School’s primary purpose should be to prepare its learners to take up their rightful places in society and the world of work. This implies a complex skill set that is at once quite generic but on the other hand unique to the individual. One of the fundamental abilities that a good school should develop and impart is the ability to think. Thinking must be taught. It should be part of the school’s hidden curriculum.
For many this may seem counter-intuitive. Thinking is as natural as eating is it not? Not necessarily so. We all tend to have opinions and beliefs, a natural outcome of thought, but, testing those opinions and beliefs for accuracy, for rationality and value, is often severely lacking. This is because we are very susceptible to something psychologists call “confirmation bias”. Simply put we have a tendency to take the information we receive and use it to reinforce our opinions and beliefs. We thus seek out people who think like us and agree with us. This is true of the educated and the uneducated and it drives us apart.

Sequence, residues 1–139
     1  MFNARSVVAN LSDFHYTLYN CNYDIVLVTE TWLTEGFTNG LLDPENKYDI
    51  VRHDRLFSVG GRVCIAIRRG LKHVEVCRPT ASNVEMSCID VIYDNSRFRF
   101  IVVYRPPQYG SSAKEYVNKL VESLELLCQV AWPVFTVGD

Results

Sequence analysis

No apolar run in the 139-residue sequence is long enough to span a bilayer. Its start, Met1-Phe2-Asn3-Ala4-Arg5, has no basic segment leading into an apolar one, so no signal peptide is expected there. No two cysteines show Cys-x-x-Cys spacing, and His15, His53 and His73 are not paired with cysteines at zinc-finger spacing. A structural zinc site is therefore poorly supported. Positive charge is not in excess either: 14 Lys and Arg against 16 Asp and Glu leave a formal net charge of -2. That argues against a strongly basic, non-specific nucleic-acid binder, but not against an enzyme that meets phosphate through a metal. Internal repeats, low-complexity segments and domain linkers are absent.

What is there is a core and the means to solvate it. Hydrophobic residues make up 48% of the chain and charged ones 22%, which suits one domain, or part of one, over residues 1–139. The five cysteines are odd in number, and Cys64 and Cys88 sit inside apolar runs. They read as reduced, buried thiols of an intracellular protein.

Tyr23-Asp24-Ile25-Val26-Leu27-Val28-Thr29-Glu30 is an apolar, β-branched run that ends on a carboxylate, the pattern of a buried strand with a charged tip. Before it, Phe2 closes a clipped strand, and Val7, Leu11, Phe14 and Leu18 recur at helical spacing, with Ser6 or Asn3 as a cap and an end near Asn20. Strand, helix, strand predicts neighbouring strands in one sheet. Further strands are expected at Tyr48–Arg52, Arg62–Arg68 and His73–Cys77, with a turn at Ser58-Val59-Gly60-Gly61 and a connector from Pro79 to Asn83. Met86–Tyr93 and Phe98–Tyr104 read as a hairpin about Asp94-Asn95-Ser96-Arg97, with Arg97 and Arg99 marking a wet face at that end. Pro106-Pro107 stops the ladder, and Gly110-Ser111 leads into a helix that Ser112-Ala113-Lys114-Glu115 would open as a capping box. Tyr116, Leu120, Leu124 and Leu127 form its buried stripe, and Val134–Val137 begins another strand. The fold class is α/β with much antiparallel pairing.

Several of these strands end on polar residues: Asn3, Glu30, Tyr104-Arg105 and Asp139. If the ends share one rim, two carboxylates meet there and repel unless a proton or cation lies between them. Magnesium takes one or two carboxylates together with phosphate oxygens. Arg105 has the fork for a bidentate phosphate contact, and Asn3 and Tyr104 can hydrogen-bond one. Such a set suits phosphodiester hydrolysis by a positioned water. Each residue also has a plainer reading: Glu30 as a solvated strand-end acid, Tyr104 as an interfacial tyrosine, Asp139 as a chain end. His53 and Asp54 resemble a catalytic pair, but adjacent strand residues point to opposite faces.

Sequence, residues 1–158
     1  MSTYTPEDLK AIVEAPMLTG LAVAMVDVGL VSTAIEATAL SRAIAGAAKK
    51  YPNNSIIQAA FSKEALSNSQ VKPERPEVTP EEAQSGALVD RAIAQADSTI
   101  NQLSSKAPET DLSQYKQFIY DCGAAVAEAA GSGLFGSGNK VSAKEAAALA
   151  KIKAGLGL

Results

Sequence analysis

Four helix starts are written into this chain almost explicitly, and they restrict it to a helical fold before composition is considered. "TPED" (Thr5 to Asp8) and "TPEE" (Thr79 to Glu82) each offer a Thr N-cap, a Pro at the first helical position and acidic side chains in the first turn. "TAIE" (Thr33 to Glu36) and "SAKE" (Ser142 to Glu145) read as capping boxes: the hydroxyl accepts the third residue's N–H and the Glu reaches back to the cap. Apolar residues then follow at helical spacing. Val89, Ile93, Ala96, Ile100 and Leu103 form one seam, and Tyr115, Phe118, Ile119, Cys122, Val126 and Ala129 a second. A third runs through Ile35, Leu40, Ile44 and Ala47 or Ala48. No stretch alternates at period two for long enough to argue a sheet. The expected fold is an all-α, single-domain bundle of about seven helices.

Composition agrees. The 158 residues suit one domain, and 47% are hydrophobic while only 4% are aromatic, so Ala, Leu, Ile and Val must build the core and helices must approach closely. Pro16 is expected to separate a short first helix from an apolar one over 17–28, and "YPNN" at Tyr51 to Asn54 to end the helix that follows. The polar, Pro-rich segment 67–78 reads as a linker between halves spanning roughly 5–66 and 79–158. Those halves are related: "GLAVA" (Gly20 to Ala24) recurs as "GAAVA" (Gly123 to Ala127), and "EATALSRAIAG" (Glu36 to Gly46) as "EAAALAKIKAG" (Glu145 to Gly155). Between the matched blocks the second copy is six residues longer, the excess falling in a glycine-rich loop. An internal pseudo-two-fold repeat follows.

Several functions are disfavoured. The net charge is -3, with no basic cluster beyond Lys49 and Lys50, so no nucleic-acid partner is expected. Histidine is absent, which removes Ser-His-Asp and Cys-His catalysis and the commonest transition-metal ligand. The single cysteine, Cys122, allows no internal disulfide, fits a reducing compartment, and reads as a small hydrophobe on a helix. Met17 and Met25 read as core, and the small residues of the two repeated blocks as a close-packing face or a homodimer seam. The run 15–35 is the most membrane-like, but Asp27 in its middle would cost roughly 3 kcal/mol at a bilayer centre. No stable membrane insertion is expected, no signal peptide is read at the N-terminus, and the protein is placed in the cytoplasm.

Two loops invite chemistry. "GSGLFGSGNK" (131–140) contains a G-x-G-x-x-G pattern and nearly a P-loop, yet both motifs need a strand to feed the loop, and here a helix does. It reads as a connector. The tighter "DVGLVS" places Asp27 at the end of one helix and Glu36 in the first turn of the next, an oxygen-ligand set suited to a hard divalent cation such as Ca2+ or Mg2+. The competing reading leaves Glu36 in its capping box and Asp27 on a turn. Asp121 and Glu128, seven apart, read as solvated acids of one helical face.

A good school should teach its students to be aware of, and challenge, their own biases. If an assertion is made, try denying it. Does that make sense? If a denial, try asserting it. Does this make sense? This requires a higher order ability to ask the right questions.